The second session was a great presentation called “Chicana/a Archives and the Chicano Movement: A Discussion” by Southern California archivists working on building or maintaining university archives on Chicano/a history and community.
Even before the discussion started, they shared a link to a great resource — a picture archive on farmworker history called The Farmworker Movement Documentation Project. It has a great digital archive of documents and photo resources.… Read the rest
[In celebration of my dissertation being accepted today by my university’s library, I’m put up its abstract. Don’t worry, I’m probably not going to post the whole thing.]
Title: ”Splitting Aztlán: American Resistance and Chicana Visions of a Radical Utopia”
My dissertation researches American resistance movements, focusing on nineteenth-century Transcendentalism and the Chicano/a movements of the 1960s through 1990s. It is concerned specifically with the emergence of Chicano/a literature from the late nineteenth century through the twentieth century, especially Chicana authorship and editorship as part of a tradition of U.S. resistance literature.
The 1960s was a period of renewed interest in the literature of American Transcendentalist communities, especially the writings of David Henry Thoreau regarding resistance and civil disobedience. This re-reading shaped and informed American civil protest literature of the 1960s, including that of the Chicano Movement. Reverberations connect the two periods in the area of non-violent social protest. Further resonances may be heard now between the nineteenth-century suffrage and abolitionist movements and the 1960s civil rights and anti-war movements, as they questioned the United States’ role as an imperial nation — a role begun with the nineteenth-century policy of Manifest Destiny.
The replication of and discursive focus on nation and universalized communities of men, opened space for women as editors and authors. Chicana writers and editors of the late twentieth century, like the protofeminists of the nineteenth-century suffrage movement, split the single “divine soul” by pointing out the contradictions and flaws in a discourse on the nation which presumes only masculine subjects. … Read the rest
I’m giving a paper for the National Association of Chicana Chicano Studies conference. This will be my first time attending. The conference is being held in Pasadena this year.
Even though I could probably rent a car and drive there and back each day, I decided to pay to stay at the hotel. Part of the reason is convenience — my paper is at 9:00 AM the first day and I don’t want to have to drive through rush hour traffic and worry about being late. But the other reason is I really want to experience the conference, come early, stay late and all that. This seems an obvious thing to say, but I know I won’t be as likely to be there if I’m not actually there.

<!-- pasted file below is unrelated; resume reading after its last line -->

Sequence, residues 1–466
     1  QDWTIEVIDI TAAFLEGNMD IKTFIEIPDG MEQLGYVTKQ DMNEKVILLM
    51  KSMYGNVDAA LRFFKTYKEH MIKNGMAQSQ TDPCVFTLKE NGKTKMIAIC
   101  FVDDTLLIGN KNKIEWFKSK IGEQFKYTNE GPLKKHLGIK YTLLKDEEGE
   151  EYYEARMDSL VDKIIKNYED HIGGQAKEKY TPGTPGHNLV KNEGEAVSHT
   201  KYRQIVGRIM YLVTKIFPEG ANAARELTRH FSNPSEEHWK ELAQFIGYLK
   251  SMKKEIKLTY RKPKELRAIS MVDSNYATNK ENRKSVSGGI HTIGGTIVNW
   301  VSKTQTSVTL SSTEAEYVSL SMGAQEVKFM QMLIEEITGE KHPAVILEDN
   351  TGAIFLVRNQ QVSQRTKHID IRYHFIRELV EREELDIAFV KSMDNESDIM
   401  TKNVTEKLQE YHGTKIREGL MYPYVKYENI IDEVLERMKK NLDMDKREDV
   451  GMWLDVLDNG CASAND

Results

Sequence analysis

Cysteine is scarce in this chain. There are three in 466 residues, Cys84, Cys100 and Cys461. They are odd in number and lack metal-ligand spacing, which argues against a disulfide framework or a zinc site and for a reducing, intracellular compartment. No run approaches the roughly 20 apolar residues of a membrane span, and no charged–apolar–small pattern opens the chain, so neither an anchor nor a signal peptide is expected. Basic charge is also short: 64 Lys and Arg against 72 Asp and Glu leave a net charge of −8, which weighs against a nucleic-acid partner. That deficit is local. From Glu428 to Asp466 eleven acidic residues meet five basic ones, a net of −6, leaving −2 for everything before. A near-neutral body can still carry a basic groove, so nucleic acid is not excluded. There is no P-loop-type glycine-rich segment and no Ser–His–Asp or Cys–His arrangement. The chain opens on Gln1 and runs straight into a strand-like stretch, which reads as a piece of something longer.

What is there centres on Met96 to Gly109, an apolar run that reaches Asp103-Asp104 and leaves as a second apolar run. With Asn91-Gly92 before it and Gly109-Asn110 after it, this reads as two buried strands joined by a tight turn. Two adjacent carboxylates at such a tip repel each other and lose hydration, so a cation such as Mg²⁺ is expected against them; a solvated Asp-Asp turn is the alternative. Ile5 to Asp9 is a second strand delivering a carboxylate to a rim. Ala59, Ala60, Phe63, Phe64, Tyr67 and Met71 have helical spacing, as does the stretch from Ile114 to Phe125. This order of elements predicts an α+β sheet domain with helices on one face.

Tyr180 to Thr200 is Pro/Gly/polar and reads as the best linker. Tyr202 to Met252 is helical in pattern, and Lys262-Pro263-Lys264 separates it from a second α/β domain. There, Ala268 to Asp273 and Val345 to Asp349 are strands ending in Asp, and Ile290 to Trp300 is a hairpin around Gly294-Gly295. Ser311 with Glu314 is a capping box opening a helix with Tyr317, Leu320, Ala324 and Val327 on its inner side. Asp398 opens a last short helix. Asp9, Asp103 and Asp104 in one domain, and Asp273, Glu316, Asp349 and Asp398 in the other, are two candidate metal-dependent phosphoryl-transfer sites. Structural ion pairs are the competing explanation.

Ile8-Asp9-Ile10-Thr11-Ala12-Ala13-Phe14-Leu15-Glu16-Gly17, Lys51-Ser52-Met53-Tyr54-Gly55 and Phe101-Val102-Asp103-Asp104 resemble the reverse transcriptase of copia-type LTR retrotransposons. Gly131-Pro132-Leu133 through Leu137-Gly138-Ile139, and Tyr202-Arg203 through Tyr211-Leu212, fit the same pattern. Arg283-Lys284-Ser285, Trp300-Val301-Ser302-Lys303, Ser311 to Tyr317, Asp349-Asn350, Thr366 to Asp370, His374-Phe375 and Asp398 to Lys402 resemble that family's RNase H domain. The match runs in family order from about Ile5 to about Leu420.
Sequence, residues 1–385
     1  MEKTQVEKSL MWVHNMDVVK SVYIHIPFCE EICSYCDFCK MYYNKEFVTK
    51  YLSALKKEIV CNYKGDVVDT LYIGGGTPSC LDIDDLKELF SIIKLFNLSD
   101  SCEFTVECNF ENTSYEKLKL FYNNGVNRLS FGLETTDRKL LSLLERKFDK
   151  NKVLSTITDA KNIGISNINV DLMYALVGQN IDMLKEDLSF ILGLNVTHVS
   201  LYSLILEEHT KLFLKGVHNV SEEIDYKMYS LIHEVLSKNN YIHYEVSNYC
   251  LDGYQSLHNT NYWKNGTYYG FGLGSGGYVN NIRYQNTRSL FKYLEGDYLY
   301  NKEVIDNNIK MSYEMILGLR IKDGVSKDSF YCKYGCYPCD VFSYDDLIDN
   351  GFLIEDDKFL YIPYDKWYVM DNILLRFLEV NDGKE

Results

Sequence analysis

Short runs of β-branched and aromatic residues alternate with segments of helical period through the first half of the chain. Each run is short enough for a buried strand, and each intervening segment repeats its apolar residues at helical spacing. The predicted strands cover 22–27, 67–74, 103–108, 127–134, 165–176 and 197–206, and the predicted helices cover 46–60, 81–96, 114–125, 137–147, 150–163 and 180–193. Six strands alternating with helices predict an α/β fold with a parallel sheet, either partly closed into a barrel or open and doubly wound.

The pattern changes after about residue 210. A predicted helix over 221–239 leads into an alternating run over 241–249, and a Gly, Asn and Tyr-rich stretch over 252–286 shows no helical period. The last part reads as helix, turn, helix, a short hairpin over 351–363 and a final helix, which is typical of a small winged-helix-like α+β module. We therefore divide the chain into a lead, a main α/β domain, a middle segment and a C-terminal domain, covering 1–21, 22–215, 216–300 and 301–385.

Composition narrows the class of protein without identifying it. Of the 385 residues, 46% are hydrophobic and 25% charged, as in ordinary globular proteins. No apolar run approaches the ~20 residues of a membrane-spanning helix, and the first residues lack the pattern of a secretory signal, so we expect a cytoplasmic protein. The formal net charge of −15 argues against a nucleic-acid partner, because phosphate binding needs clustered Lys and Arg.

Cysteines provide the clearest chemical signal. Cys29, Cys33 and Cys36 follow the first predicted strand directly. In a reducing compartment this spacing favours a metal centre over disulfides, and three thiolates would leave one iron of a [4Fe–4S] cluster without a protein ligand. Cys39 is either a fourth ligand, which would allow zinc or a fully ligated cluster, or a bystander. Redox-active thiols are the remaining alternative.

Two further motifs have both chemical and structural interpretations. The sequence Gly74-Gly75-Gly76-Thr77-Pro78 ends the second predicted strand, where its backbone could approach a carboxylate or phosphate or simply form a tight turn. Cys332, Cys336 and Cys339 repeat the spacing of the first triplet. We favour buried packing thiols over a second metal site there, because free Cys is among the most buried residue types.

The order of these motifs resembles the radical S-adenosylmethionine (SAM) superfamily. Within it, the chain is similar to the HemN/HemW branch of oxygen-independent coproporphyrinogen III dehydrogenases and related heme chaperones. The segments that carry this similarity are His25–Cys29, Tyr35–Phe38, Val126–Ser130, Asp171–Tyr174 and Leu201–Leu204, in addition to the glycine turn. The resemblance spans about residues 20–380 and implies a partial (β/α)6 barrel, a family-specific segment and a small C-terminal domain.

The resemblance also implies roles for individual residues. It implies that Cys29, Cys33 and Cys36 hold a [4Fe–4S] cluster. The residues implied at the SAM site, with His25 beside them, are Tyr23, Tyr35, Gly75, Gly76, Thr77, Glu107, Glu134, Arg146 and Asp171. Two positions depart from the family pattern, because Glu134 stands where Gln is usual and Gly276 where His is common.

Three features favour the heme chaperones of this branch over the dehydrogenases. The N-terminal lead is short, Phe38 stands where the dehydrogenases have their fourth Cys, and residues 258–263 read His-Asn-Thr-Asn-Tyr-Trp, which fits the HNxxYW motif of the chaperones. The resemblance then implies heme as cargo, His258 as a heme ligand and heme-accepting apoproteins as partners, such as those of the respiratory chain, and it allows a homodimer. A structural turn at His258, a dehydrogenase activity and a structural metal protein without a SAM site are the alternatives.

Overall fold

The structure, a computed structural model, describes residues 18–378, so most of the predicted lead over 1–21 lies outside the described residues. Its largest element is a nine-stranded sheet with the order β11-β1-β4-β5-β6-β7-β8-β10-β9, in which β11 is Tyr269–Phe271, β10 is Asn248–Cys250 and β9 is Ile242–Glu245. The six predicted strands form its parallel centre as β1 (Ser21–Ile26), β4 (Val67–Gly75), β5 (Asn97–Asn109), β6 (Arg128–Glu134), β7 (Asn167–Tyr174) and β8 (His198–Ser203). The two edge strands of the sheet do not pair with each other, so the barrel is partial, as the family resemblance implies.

The paper I’m giving is a bit of a re-hash of a paper I gave in September 2010 at St. John’s College in Durham. It’s on re-envisioning Aztlán as cosmopolitan space. I’m nervous about giving it in a way I wasn’t nervous in England. The scholars at the conference in the UK knew lots about cosmopolitanism but knew nothing about Chicano/a studies or Aztlán. Here I’ll be talking to people who not only know about it, but may feel invested in other visions and definitions of Aztlán. It preys upon all my fears of not being “really” Chicana, or not Chicana enough.
That said, I’m so looking forward to spending a three days immersed in Chicano/a studies surrounded by Chicano/a scholars. How cool is that?… Read the rest
God, I can’t tell you how weird it is to write that. It’s been this guilty millstone around my neck for so long, anytime I’d start to enjoy or work on something I’d think “but shouldn’t I be writing my dissertation?”
And now it’s over. “Splitting Aztlán: American Resistance and Chicana Visions of a Radical Utopia” is in a queue to have her formatting checked over by my university’s editors. Soon she will be on ProQuest, searchable by anyone who cares to look. My days as a student are, at last, numbered.
Ironically, now that my dissertation is turned in, I can’t leave her alone. I’ve made a dozen minute corrections, found typos, glaring errors, whatever. I keep uploading new versions.
Paul tells me that down this path lies madness, something I already know something about. But she calls to me, wanting me to read, re-read and edit. The document is so far from perfect I can hardly stand it.
Must leave it alone. It’s done.
Besides, I’ve got a talk for NACCS to get ready.… Read the rest